• No OSHA Compliance: The factory where the Movement hides out was horrific even by Gilded Age standards.
  • Origin Story: Issue 4 tells the backstories of Mouse, Katharsis, Tremor, and Burden.
  • Prisoner Exchange: When Katharsis is captured, Virtue offers the police captain to exchange her for the two cops the Movement has captured. He angrily refuses, largely because he's unaware that Katharsis is in the police station, forcing the Movement to take Katharsis back the hard way.
  • Retcon: The details of Katharsis' backstory are changed from "castrated an accused child molester later found innocent" to "scarred, but didn't castrate, a rapist and murderer who got away with it." Word Of God suggests that Unreliable Narrator may be at work and later in the series we'll get another perspective on the incident.
  • Ripped from the Headlines: The early advertising declared "We Are The 99%!" In fact, the Movement seems closer to Anonymous than Occupy, but still topical.
  • Screw the Rules, I Have Money!: James Cannon essentially owns the Coral City police outright.
  • Sensible Heroes, Skimpy Villains: The Movement (except Mouse) mostly wear modest outfits. All but one of the Graveyard Faction wear sexy, revealing outfits.
  • Ship Tease:
    • Rainmaker gives Virtue her number. Virtue loudly denies having any interest in calling her... but does pocket the number.
    • Mouse has feelings for Tremor and in issue 6, he tries to write a love letter to her. In issue 8, he kisses her and tells the team they going to be married.
  • Take That!: After noticing her staring, Vengeance Moth tells Batgirl that some people seem to be uncomfortable around people in wheelchairs. This may or may not be a swipe at DC's decision to cure Babs' paralysis so that she could be Batgirl again.
  • Team Mom: Vengeance Moth. The first thing she asks the two captured cops after introducing herself is if they want a fruit snack.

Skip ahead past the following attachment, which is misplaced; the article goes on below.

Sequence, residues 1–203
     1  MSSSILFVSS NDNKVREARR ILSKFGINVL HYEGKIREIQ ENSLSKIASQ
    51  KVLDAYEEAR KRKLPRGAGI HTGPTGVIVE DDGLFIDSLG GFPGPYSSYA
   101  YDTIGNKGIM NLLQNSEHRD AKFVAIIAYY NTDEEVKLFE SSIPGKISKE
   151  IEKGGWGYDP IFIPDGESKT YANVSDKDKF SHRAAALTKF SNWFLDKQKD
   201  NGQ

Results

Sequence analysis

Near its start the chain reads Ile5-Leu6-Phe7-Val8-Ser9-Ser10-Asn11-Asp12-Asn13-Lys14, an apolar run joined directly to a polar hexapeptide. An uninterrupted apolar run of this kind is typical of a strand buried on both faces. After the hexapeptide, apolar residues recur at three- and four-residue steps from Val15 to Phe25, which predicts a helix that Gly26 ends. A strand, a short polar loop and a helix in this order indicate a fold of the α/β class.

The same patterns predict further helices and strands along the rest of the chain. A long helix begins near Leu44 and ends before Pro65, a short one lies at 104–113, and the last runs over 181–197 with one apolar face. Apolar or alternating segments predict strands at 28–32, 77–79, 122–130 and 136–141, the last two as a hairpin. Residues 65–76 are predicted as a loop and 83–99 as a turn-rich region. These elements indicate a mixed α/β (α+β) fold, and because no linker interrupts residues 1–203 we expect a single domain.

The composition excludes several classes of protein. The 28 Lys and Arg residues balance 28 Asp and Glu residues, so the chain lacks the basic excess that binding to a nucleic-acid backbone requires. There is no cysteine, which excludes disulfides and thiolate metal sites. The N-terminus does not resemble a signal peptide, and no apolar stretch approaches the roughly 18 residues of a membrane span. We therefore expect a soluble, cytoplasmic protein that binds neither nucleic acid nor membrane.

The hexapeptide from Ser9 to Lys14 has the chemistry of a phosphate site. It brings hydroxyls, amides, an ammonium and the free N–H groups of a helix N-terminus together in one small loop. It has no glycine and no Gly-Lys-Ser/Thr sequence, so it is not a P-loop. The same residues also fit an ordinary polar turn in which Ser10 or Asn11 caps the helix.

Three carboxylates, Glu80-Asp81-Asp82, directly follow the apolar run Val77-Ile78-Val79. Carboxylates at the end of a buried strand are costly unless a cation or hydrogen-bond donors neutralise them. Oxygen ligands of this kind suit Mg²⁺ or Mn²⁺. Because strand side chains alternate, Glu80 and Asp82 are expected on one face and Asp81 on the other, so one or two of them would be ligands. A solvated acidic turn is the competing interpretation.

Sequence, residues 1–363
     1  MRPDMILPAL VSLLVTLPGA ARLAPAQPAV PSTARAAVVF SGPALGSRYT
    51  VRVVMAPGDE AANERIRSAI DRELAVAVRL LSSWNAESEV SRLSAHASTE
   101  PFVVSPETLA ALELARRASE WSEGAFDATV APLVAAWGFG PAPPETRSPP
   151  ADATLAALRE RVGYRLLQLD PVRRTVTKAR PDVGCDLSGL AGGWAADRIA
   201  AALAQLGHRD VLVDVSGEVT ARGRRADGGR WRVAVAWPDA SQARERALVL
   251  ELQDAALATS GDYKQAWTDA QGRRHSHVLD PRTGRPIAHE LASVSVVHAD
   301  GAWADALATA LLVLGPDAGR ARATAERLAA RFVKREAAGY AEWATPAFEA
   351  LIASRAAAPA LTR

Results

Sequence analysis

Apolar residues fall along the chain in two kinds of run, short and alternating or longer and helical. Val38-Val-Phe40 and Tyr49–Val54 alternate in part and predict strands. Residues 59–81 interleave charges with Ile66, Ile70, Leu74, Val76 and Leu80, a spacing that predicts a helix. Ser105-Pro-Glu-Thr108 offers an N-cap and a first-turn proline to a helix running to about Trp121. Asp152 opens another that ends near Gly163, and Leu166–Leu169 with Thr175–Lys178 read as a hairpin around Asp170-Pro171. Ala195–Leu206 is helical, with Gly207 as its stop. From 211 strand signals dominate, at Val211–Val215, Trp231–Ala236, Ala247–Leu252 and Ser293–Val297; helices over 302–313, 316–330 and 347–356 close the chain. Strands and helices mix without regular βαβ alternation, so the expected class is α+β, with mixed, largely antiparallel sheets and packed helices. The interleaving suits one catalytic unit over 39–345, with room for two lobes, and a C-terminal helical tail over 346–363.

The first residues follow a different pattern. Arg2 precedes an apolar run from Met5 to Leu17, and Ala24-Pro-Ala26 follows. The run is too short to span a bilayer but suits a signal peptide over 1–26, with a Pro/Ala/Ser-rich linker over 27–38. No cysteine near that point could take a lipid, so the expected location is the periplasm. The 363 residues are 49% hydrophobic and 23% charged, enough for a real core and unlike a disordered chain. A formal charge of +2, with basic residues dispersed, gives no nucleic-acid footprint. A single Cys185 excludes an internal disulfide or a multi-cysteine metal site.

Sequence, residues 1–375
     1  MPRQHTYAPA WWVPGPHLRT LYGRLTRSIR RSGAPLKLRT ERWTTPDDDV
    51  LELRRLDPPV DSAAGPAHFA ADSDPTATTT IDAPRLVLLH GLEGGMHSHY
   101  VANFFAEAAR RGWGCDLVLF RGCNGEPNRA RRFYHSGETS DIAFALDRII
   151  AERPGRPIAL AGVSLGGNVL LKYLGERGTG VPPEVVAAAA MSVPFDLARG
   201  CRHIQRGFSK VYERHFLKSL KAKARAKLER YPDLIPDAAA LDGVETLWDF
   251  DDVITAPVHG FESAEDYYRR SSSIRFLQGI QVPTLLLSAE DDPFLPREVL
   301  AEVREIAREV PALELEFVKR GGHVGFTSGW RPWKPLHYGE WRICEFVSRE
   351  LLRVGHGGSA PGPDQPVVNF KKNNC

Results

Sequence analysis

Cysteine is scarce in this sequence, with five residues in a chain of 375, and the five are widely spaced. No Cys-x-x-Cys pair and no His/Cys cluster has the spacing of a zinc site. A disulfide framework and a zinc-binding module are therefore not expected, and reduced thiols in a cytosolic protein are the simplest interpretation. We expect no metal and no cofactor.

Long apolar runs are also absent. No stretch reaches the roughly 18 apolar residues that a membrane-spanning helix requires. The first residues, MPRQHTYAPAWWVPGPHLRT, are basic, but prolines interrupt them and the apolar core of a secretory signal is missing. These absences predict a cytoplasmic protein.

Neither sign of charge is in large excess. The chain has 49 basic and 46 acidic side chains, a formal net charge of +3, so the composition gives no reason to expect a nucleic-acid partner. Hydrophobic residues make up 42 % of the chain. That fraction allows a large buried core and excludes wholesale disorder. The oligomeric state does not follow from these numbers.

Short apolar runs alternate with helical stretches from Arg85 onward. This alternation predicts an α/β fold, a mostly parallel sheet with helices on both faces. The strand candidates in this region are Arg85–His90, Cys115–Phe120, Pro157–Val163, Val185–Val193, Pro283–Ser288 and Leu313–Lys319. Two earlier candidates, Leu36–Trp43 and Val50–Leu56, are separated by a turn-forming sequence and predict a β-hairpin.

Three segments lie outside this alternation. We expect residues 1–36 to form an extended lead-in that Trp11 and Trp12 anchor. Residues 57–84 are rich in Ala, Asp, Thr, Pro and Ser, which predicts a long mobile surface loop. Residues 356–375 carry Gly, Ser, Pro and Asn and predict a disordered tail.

• Token Evil Teammate: Katharsis is the most violent of the Movement. She is willing to kill or at least do a lot of bodily harm to her enemies. The others have to keep her from going over the edge.
  • Unreliable Narrator: Word Of God is to take Katharsis' backstory as related by her, especially in regards to what she may or may not have done to an accused rapist, with a grain of salt and that we'll get another take on it later.
  • Walking Shirtless Scene: Mouse. Combined with his lack of shoes, it makes him look like a street rat.
  • Weather Manipulation:
    • Rainmaker can create rain and lightning storms.
    • The Cornea Killer: He leaves a puddle around his victims to frame Rainmaker.
  • Wham Episode: Issue 6 has Burden having his demon finally exorcised (though not really), Tremor and Katharsis making amends after their fight, and them finding Mouse beaten up and left hanging by a lamppost by the Graveyard Faction.
  • What the Hell, Hero?: Tremor gives the team, especially Virtue, a wake up call in priorities when she points out that they have been focusing almost entirely on building up their own reputation via two corrupt police officers while a serial killer is still at large in the city, all while exploiting Burden's demonic side when he clearly needs help and is only getting worse from all this.
  • Winged Humanoid: Katharsis wears mechanical wings she built herself to fly.
  • Wounded Gazelle Gambit: In order to get rid of corrupt Officer Whitt, Officer Yee goads him into beating him up in front of the station's last working security camera. It would have taken months to prove that Whitt was dirty, but assaulting a fellow officer is an immediate firing offense.
  • Your Mind Makes It Real: May be the case with Burden. Virtue believes he has a metahuman power or mental illness that causes him to shift into demon mode, which was reinforced by his mother's belief that he was possessed or demonic.
  • Your Terrorists Are Our Freedom Fighters: The police and the mayor of Coral City label the Movement as terrorists. The disenfranchised call them heroes. It's still unclear which they are.